Zack is the opposite, calming down even more in the face of Quitterie’s panic, and it takes him time to drop the Vulcan stoicism and simply comfort someone who needs more time to process everything. Kanata, noted tough son-of-a-bitch, doesn’t claim not to be ready, but as the captain he recognizes he needs to give the appearance of being ready to move forward without hesitation. For her part, Aries is fine with waiting things out there, as long as Kanata he’s around.

Then, the game changes again, when Funi finds a second wreck, of a ship nearly identical to the Astra. Kanata, Zack, and Ulgar board her, and learn that she’s not spaceworthy anymore—though she could still have viable parts the Astra needs. While there’s no sign of any crew, there’s a message reading “Help me” on the monitor, and Zack realizes there’s probably someone in the ship’s single hibernation chamber.

Just before, he was suggesting to Quitterie if she really can’t accept living on Icriss, she could enter the Astra’s chamber and wait there in deep freeze for however many years, decades, or centuries it would take for someone to find and rescue her. Quitterie refused, but here it is, that very scenario playing out on the other ship, only it “only” took twelve years for someone to find them. The chamber’s occupant is awakened and revealed to be a beautiful blonde woman with pale blue eyes. And that is unfortunately when the credits roll.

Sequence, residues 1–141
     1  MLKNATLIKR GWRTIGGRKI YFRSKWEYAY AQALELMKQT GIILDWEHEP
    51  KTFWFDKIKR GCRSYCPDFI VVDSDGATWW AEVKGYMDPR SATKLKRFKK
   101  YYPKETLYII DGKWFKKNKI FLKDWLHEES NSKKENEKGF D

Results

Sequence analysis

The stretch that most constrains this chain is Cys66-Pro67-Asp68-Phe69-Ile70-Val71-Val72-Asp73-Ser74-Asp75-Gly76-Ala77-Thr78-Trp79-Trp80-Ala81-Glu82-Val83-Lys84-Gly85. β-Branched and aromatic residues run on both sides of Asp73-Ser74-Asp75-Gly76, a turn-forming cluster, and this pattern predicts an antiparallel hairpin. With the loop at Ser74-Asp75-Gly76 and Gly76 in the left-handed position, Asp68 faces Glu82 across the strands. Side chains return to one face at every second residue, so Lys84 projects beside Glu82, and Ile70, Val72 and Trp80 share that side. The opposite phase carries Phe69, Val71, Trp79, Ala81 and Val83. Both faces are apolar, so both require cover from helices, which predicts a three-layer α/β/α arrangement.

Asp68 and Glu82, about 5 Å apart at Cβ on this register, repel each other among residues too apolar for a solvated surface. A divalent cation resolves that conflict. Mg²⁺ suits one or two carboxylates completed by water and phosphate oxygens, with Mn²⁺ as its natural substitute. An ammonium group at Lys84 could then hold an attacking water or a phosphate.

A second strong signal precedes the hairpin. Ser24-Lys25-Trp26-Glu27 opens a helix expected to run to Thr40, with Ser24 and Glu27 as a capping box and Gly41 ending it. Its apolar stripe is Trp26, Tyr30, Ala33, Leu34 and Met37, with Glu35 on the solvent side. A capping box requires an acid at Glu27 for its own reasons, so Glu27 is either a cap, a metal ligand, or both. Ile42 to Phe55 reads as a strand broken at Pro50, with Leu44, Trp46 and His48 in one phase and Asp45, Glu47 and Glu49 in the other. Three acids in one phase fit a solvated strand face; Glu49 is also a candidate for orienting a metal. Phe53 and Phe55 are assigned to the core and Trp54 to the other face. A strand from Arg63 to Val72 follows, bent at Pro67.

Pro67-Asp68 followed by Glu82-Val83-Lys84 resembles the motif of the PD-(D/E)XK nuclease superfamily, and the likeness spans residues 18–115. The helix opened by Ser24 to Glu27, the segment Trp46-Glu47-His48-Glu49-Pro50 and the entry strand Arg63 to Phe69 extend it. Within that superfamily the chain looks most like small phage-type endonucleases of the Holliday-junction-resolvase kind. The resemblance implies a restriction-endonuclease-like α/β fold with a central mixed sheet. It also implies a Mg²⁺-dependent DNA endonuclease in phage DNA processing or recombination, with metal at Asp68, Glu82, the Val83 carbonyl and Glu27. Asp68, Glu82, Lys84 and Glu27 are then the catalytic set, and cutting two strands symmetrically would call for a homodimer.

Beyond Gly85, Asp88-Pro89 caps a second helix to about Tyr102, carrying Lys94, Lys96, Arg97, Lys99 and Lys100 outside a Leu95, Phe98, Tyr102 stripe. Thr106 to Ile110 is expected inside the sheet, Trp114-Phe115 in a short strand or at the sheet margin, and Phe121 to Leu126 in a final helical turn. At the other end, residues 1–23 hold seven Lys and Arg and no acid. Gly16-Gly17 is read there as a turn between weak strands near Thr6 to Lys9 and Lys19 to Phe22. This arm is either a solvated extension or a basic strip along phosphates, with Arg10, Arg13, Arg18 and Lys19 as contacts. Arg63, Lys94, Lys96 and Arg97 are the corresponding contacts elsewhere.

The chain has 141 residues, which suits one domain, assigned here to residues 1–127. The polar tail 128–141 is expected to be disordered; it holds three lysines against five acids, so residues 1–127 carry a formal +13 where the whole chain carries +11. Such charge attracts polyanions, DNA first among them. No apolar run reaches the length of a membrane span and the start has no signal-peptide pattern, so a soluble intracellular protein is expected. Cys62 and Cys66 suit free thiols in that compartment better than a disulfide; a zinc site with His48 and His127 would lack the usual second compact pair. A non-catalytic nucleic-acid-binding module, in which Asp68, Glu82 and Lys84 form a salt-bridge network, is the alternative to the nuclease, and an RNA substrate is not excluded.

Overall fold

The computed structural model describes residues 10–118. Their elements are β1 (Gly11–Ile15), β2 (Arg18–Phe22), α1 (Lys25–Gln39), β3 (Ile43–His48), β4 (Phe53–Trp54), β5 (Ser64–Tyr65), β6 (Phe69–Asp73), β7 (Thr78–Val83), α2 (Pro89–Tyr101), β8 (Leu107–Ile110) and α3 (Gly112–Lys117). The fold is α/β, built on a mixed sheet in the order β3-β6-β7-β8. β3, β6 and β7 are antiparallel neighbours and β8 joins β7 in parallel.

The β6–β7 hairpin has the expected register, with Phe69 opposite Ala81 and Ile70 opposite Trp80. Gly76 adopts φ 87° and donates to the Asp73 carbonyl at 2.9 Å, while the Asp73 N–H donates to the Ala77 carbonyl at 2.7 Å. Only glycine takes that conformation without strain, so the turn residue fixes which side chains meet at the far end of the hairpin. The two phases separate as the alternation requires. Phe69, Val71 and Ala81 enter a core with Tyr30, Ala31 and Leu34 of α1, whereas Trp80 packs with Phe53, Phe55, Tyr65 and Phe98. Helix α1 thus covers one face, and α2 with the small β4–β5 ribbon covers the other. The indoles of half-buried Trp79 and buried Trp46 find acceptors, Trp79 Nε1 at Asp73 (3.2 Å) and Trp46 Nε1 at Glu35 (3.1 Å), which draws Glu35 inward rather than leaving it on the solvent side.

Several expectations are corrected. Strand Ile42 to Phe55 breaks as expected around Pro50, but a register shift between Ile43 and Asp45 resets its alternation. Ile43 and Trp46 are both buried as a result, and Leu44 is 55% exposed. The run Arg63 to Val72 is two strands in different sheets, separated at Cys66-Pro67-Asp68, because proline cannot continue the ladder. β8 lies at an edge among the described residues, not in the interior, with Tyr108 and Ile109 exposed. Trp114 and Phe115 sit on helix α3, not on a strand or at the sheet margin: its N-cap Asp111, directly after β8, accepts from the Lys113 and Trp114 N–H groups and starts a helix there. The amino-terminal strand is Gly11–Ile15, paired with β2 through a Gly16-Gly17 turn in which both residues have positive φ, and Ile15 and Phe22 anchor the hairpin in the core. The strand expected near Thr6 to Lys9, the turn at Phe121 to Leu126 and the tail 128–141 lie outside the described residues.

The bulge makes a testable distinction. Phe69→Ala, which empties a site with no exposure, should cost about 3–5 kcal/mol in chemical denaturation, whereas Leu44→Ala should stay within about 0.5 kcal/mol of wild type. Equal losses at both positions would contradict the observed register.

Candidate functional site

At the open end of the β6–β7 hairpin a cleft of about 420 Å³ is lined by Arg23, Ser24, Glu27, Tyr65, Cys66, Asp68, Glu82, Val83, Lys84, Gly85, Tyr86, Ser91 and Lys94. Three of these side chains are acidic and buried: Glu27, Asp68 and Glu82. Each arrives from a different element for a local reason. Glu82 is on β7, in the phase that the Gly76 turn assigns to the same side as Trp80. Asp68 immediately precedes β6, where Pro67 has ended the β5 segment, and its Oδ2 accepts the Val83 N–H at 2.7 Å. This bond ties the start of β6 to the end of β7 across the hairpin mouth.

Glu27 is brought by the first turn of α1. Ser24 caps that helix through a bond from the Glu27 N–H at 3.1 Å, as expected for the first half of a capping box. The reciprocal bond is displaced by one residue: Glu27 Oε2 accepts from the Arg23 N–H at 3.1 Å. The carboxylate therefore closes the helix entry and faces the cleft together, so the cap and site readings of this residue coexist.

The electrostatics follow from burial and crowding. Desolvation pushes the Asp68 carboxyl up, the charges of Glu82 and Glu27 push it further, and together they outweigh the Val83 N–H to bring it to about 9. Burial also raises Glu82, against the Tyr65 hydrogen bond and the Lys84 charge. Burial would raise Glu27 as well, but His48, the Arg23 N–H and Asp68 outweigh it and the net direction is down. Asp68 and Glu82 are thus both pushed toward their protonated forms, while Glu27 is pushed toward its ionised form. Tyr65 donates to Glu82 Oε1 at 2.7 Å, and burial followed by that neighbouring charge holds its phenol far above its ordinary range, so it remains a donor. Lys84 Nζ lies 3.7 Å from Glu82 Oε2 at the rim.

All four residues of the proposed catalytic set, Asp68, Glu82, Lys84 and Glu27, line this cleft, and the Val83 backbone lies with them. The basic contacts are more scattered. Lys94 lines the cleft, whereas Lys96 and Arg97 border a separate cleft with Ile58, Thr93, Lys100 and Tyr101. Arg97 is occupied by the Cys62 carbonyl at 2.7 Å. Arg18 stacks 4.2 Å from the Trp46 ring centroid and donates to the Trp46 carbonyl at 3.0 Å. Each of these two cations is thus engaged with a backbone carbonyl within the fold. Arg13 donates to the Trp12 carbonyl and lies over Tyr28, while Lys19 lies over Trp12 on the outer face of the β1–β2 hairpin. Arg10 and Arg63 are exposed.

Suffice it to say, this is exactly what Astra needed: something to shatter the status quo in a big way. Real peril and the toughest problem yet. While before there always seemed to be a way to science a solution and continue the journey, now in every instance it seems to be closing the door. Despite their smarts, talent, and moxie, the inexperience of the crew, even Zack, was exposed in a big way.